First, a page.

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Exxon Corp. v. Mack

New Jersey Superior Court, Appellate Division

Decided: November 28, 1989.


King, Shebell and Baime. The opinion of the court was delivered by Shebell, J.A.D. Baime, J.A.D., concurring.


[237 NJSuper Page 18]

This appeal involves two questions surrounding the interpretation of the arbitration provisions of the Spill Compensation and Control Act (Act), N.J.S.A. 58:10-23.11n(a). The first is whether a draw by the New Jersey Department of Environmental Protection (NJDEP) from the Spill Fund (Fund) constitutes a claim against the Fund, thereby triggering a right to arbitration. The second question is whether the scope of permissible arbitration includes a determination of responsibility for cleanup and removal costs.

On July 7, 1987, the defendant NJDEP issued a directive to 28 separate corporations, including plaintiff BP America, Inc. (BP), requiring them to remove hazardous substances from the Borne Chemical Company (Borne) site in Elizabeth, New Jersey.

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The NJDEP's directive also required the named parties to secure the Borne site and to take steps to protect against the possibility of fires, explosions or imminent harm to the environment.

On March 14, 1988, BP formally demanded that the defendant, Acting Administrator of the Environmental Claims Administration (Administrator), on behalf of the Fund, convene an arbitration board pursuant to the Act, N.J.S.A. 58:10-23.11n(a), to "challenge the assessments contained in DEP's cleanup Directive for the Borne Site." By letter, dated April 12, 1988, the Administrator rejected BP's demand. On May 19, 1988, BP sent a letter to the Administrator objecting to his rejection of its demand for arbitration and renewing its demand. This demand was also denied.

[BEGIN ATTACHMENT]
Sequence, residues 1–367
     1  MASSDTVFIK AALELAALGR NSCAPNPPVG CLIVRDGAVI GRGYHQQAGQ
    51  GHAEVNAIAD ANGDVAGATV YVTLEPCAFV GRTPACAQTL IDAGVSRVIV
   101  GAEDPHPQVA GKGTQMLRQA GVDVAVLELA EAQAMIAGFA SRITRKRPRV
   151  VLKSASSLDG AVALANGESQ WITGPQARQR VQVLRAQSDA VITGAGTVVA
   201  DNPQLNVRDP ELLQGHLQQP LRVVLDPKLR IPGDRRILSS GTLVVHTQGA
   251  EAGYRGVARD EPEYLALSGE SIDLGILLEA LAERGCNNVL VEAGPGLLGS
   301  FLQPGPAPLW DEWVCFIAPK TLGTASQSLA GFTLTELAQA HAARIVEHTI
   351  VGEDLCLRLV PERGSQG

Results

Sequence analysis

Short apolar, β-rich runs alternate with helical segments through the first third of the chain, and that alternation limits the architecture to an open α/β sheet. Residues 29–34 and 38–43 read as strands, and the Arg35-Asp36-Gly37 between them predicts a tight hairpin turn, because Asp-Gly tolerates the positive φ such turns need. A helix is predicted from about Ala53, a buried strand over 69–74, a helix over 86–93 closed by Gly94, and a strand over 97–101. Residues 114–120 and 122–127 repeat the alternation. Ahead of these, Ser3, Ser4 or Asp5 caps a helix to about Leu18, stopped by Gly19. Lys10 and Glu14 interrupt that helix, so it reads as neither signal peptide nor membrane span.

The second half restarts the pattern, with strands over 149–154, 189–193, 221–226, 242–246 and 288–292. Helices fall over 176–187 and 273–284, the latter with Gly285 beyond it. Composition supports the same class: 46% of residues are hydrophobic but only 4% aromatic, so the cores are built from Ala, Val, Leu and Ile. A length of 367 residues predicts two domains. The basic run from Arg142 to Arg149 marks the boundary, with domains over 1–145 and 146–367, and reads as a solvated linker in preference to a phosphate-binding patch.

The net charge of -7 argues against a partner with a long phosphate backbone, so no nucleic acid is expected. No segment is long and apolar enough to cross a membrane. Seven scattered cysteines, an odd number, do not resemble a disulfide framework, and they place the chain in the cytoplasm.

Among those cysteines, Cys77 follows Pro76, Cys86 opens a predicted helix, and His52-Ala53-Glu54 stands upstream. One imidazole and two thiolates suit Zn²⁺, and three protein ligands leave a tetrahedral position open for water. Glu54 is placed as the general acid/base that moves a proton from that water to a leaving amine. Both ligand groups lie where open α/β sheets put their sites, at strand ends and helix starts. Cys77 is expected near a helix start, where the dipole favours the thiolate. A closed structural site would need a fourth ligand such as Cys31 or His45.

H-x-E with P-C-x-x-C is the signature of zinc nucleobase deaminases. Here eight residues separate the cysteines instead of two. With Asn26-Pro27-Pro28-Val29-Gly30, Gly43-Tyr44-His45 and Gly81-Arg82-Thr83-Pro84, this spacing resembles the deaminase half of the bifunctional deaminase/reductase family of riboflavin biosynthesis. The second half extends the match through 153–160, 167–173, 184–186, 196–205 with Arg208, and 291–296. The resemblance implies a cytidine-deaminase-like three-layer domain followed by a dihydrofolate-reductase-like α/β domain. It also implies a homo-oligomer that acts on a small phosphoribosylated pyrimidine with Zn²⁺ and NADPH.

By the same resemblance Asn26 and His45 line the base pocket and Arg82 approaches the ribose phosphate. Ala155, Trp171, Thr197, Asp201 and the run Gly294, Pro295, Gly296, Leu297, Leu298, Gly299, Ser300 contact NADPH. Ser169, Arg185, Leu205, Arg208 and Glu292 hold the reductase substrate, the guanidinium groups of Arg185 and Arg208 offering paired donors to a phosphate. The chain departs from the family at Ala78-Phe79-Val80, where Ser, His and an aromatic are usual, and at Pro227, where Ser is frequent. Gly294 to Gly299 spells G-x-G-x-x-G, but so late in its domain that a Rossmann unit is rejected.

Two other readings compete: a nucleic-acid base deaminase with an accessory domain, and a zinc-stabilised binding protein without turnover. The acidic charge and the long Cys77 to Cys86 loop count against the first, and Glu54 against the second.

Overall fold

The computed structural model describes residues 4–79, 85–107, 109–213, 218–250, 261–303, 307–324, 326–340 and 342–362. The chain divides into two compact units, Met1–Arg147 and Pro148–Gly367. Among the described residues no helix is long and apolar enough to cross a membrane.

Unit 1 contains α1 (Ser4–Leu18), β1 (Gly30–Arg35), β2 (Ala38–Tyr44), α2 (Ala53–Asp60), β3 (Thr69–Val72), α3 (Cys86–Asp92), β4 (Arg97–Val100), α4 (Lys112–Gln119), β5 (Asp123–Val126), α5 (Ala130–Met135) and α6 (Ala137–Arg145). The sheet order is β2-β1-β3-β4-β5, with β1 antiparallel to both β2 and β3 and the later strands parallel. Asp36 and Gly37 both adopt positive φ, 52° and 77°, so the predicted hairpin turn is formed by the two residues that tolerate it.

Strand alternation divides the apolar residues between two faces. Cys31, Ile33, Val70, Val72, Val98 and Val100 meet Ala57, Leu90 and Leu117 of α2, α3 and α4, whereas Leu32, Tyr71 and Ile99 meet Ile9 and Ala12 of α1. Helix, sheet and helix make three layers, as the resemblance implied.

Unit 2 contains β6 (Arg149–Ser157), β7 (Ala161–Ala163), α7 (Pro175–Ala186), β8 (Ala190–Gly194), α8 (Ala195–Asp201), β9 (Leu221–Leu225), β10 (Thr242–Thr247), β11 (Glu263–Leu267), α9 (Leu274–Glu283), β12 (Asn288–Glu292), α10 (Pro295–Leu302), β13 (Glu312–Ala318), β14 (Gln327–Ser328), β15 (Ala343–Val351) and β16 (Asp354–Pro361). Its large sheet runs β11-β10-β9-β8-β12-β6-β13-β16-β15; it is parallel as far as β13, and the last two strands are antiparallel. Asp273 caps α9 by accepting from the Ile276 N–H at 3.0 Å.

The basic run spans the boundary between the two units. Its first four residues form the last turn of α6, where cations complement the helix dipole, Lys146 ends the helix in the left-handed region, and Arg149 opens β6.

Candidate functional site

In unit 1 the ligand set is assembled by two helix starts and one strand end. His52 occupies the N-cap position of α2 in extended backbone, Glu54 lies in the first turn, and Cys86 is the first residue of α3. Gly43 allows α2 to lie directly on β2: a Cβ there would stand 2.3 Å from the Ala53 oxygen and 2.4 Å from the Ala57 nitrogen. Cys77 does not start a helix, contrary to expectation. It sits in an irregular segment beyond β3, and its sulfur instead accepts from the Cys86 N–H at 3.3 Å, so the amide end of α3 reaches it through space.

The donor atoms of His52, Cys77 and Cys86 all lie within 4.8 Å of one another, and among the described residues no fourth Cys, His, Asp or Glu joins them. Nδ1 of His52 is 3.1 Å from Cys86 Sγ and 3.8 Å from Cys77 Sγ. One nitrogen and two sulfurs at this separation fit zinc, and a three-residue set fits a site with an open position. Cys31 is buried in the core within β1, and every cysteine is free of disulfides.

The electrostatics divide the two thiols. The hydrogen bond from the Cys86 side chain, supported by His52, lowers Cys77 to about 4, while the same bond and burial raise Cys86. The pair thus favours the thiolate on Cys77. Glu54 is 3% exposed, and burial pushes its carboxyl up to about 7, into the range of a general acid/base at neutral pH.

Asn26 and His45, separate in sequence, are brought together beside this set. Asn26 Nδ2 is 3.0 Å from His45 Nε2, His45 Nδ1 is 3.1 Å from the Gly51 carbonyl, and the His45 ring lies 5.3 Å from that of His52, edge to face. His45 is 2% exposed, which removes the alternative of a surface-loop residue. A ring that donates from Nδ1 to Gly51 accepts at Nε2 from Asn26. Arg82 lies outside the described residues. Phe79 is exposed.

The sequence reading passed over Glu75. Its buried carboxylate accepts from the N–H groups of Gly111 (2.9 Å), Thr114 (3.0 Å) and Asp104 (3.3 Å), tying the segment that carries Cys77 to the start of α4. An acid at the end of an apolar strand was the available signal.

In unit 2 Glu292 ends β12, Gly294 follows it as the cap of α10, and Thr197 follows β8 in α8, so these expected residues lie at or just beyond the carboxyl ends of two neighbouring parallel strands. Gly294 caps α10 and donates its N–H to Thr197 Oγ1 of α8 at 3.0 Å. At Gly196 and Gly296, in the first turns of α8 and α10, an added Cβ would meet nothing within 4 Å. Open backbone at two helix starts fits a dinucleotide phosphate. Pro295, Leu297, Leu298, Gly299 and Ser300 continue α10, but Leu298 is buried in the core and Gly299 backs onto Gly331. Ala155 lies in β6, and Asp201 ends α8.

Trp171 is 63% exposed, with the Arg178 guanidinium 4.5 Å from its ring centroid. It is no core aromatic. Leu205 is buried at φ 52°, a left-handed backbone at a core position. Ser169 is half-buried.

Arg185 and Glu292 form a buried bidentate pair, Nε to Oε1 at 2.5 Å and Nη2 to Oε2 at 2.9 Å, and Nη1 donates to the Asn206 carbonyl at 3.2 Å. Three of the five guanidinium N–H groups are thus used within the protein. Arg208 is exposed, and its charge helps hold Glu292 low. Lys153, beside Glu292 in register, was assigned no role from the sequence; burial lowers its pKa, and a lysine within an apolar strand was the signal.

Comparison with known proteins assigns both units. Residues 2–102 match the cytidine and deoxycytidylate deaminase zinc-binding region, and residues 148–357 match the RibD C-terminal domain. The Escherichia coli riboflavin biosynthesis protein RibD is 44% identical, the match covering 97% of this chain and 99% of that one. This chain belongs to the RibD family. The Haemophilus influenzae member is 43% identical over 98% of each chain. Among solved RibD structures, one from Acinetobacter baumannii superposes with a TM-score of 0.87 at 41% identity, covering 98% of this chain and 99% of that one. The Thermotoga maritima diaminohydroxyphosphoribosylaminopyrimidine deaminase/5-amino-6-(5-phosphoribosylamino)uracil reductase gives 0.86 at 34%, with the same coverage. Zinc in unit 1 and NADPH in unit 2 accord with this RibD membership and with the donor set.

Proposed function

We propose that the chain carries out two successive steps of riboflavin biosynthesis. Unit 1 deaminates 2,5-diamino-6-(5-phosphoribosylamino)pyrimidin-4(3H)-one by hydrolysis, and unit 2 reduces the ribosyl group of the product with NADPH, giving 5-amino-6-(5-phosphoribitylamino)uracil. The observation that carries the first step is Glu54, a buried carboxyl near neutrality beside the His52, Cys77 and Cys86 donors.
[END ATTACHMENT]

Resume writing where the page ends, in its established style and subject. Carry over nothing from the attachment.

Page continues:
On May 27, 1988, BP, along with Exxon, filed a complaint in lieu of prerogative writs in the Law Division seeking to compel the Administrator to convene an arbitration board. The defendant NJDEP moved to have the action transferred from the Law Division to the Appellate Division. See R. 1:13-4. On September 2, 1988, this matter was ordered transferred to this court.

According to the NJDEP directive, chemical operations on the Borne site were carried out from 1917 until 1984 involving the "blending and mixing of various petroleum hydrocarbons and additives into lubricants, the mixing of tanning and dye products, and packaging and shipping of these and other chemical based products and wastes. . . ." In addition, Borne stored and warehoused various chemical-based products and wastes. During a portion of that time, BP North America Trading, Inc., now part of BP, "utilized the services and facilities of Borne for manufacture, storage and distribution of its chemical-based products and wastes, including hazardous substances."

The NJDEP first identified a pollution problem at the Borne site in 1978. On February 15, 1980, Borne filed a petition for voluntary bankruptcy pursuant to 11 U.S.C.A. ยง 101, et seq. (Chapter 11) in the United States Bankruptcy Court for the

[237 NJSuper Page 20]

District of New Jersey. The Bankruptcy Court authorized the trustee to abandon the site on October 10, 1986. Between 1983 and April of 1985, NJDEP was negotiating with Borne's owners and waste generators to undertake removal and disposal of waste at the Borne site. However, the parties were unable to reach an agreement due to Borne's financial condition.

On April 4, 1985, the State formally requested authorization for $2,375,000 from the Fund for the purpose of sampling, staging, removal and disposal of hazardous waste materials at the Borne site. To date, only $11,743 has been expended from the Fund for the Borne site; apparently for testing and securing estimates for the cost of cleanup. According to representations of the Attorney General, the present status remains as described by the chief regulatory officer, Bureau of Hazardous Waste Enforcement: